Labour leader Diederik Samsom wants to get tough on multinational companies which set up letter-box firms in the Netherlands to avoid taxes.
‘I don’t like the idea the Netherlands is a tax haven, he said. ‘I think it is a bad idea to levy little tax on companies that don’t do anything here, but just move money along.’
‘We are going to tackle this, step by step,’ the MP says in the show, which will be broadcast on Friday evening.
Multinationals such as Apple and Starbucks as well as state-owned French firms and bands like U2 and The Rolling Stones channel some of their activities through the Netherlands in order to reduce their taxes.
According to the Volkskrant, the Dutch non-bank finance sector includes 14,000 letterbox firms located in the Netherlands which have annual turnover of €8,000bn.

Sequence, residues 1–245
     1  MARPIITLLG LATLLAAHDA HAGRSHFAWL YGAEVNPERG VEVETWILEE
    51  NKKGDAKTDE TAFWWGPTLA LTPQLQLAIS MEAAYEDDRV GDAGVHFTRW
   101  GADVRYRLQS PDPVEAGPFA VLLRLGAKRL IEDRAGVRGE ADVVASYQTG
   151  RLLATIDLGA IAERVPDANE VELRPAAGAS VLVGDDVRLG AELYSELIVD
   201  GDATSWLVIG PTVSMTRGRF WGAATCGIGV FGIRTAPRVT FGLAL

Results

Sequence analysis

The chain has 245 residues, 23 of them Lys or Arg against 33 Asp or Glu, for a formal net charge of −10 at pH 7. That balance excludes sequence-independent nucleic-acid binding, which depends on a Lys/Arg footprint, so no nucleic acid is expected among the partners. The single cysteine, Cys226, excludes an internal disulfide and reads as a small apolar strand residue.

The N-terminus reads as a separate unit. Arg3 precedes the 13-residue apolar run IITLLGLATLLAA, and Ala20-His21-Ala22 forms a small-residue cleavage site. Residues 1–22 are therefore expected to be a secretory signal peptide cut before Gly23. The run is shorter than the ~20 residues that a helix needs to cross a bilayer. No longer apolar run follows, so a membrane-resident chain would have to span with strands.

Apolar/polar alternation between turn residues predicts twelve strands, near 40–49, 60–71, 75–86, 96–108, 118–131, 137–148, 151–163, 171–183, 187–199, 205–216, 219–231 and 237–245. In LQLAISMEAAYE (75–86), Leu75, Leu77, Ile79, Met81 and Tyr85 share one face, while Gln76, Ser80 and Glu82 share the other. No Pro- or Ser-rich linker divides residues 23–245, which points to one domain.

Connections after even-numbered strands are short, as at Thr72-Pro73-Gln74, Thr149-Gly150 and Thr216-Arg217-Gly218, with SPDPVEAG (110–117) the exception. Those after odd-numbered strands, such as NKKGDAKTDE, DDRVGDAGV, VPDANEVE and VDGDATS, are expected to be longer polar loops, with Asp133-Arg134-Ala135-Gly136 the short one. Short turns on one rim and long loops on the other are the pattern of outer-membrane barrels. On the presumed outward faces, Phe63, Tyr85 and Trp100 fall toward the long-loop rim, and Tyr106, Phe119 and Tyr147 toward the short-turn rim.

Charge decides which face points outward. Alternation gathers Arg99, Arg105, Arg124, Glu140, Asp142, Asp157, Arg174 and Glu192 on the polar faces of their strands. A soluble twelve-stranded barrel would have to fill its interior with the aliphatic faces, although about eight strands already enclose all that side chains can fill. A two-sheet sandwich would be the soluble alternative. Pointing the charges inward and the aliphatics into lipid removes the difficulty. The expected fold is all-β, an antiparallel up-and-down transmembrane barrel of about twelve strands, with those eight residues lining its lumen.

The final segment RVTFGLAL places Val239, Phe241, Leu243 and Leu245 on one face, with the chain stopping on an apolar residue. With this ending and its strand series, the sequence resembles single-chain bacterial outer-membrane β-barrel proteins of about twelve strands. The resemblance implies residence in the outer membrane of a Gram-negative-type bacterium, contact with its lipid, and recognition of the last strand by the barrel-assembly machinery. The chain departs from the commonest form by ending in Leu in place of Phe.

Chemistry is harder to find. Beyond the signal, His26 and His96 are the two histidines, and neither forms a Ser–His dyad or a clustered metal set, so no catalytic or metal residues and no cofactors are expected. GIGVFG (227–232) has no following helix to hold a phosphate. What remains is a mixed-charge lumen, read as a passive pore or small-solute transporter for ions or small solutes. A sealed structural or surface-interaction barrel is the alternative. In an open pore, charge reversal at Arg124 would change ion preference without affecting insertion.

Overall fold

Samsom also said he thinks the tax-free status of the royal household should be scrapped.
Adding that he had never met prince Willem-Alexander, the Labour leader said that in his heart, he does not think the position of head of state should be an inherited title. ‘I have never been a very ardent Orange supporter,’ he said.
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Spanish, Italian, Portuguese firms use Dutch tax route
Research into tax schemes is biased, say critics
Multinationals and French state firms use Dutch tax deals
Starbucks under fire in Britain over Dutch tax deal
EU wants an end to letterbox companies
Letterbox companies largely exempt from tougher rules
The Netherlands is a popular tax haven for FTSE 100 firms
Holland no longer a US tax haven
More tax levied over tax haven income
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